Working with Files Programmatically


While the File Manager provides a nice, powerful interface for working with files graphically, there are times when developers will want to set attributes on files, update their names, modify where they are stored and more. This can all be done easily through the Concrete CMS API.

Setting Attributes on an Existing File

Let's say we've created a file attribute of the checkbox type with the "is_featured" handle. Setting this on a particular File object is easy.

$file = \File::getByID(3);
$file->setAttribute('is_featured', true);

That's it! More complex attribute types may take more complex values in the second argument. For example, if you have a select attribute with the handle "selected_color" for a particular file and you want to set it programmatically, the Select attribute type expects its value to be an array of values that match the available options stored in the particular attribute. If we have a select attribute for colors that contains "Red," "Yellow," and "Green", selecting Red and Green for a particular file can be done like this:

$file = \File::getByID(3);
$values = array('Red', 'Green');
$page->setAttribute('selected_color', $values);

Updating a File's Name or Description

The File Version class contains a numbmer of helpful, easy-to-use API methods to modify that version's properties. Whenever working with this class, make sure to start by calling getVersionToModify() on the relevant File object. This will return a new Version of the File object (if necessary), so that you can rollback to a previous version if necessary.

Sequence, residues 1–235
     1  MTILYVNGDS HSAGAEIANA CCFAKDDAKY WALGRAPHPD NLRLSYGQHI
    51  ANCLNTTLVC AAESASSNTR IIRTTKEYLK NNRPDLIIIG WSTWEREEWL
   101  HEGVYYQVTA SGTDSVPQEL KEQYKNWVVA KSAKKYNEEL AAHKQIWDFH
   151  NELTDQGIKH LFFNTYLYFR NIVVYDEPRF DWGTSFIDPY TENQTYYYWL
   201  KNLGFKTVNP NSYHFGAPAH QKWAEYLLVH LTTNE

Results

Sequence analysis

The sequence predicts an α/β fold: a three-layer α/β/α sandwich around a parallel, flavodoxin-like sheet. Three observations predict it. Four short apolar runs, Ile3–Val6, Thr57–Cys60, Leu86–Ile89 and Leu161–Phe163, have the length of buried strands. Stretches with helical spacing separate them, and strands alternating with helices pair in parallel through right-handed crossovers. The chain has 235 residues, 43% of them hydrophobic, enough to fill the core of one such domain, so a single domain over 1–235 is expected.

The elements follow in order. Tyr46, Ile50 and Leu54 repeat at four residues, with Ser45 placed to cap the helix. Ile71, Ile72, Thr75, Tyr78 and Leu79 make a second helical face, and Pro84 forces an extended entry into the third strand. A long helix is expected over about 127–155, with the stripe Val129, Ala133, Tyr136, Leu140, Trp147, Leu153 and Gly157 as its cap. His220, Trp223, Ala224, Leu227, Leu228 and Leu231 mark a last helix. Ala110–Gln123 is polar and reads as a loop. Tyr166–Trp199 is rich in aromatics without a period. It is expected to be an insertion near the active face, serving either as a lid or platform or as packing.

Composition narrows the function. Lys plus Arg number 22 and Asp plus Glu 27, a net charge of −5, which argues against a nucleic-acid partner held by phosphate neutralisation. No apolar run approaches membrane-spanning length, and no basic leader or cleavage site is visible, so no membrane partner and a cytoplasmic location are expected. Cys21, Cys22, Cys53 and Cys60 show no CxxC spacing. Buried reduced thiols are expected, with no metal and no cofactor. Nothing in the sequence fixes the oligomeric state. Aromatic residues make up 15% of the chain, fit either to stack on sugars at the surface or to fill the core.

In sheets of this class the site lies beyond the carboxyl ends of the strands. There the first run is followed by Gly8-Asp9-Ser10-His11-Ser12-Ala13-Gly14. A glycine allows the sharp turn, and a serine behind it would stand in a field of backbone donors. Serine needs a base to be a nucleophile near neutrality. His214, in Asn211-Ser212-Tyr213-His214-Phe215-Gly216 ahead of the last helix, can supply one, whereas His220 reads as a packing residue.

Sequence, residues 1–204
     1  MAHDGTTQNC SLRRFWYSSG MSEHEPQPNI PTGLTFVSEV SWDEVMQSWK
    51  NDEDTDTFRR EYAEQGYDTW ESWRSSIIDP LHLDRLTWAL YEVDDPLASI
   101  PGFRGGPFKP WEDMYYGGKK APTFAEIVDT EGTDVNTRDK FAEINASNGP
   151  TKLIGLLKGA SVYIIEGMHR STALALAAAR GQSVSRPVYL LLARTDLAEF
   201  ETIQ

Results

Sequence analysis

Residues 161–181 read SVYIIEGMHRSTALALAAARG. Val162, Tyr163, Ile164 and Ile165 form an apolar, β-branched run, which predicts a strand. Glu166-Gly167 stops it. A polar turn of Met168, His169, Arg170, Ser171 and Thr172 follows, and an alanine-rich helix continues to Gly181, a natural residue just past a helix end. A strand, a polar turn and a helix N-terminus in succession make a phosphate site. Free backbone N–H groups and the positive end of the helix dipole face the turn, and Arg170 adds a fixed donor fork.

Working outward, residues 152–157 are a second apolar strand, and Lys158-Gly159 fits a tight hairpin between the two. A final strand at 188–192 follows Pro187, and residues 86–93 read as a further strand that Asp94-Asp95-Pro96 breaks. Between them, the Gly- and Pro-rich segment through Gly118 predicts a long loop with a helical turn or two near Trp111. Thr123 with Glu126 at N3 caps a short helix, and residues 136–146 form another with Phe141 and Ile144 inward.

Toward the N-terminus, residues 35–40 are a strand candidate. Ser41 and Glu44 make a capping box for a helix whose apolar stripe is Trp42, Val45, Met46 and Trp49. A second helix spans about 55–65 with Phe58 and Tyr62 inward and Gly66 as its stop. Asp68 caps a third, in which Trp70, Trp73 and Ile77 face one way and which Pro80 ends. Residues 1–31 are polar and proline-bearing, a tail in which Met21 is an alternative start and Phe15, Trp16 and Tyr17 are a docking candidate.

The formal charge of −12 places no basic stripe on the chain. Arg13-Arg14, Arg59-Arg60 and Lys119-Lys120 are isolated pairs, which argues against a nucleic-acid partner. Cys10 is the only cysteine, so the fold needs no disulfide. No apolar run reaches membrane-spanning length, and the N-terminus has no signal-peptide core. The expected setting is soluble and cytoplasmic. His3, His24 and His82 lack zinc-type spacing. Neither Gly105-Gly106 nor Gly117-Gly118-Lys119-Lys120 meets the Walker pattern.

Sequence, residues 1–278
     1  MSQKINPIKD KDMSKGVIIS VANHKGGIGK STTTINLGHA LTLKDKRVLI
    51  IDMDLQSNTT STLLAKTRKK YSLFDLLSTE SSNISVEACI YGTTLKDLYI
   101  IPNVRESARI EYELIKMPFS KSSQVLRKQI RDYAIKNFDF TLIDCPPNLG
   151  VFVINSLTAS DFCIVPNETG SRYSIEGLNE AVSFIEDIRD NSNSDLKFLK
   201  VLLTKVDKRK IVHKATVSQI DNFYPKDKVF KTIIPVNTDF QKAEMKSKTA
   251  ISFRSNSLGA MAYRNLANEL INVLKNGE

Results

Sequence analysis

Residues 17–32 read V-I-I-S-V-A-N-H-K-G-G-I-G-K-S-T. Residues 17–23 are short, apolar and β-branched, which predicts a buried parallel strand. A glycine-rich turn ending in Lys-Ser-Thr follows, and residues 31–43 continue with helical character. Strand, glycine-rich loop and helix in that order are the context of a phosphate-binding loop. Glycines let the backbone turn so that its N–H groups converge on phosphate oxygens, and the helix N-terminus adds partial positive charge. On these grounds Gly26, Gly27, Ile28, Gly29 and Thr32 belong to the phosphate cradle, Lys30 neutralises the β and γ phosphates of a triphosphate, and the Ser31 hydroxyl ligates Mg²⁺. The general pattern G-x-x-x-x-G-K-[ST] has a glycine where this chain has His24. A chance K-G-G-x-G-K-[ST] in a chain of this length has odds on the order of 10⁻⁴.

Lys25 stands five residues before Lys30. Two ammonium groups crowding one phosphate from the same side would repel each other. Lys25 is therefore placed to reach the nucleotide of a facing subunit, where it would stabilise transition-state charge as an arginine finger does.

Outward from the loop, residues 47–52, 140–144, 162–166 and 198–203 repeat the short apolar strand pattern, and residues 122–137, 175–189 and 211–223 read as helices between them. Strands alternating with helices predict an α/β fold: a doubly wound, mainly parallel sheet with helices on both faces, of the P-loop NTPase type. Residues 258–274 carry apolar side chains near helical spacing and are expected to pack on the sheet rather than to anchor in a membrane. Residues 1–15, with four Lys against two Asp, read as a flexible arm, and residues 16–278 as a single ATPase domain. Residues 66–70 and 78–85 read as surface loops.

$file = \File::getByID(3);
$version = $file->getVersionToModify();
$version->updateTitle('New Title');
$version->updateDescription('New Description');

Setting a new Storage Location

Concrete version 7 introduces a new object for storage locations. Storage locations can be defined in the Dashboard. Most of the time a storage location will be a particular directory on your web server (in or out of the web root) – but additional storage locations like Amazon S3 or Dropbox are also possible. Let's say we have a file in the default storage location, and we want to move it to Amazon S3. Our Amazon S3 storage location has the ID of 2.

$amazon = \Concrete\Core\File\StorageLocation\StorageLocation::getByID(2); // This is the ID of Amazon S3
$file = \File::getByID(3);

We can alternately retrieve the storage location by its name.

$app = \Concrete\Core\Support\Facade\Application::getFacadeApplication();
$amazon = $app[FileStorageLocationFactory::class]->fetchByName('Amazon S3')[0];

Setting a password on a File

$file = \File::getByID(3);

Add a File to a File Set

$file = \File::getByID(3);
$fs = \Concrete\Core\File\Set\Set::createAndGetSet('Name of a File Set', \Concrete\Core\File\Set\Set::TYPE_PUBLIC, 1);

Retrieve File Sets a particular File is in

$file = \File::getByID(3);

This returns an array of \Concrete\Core\File\Set\Set objects.

Deleting a File Version

$file = \File::getByID(3);
$version = $file->getVersion(1); // Gets the first version – make sure this isn't approved!

Deleting a File

$file = \File::getByID(3);


These are just a few examples of what can be done with the Concrete File API. Get more from the Page API docs:

File API Reference File Version API Reference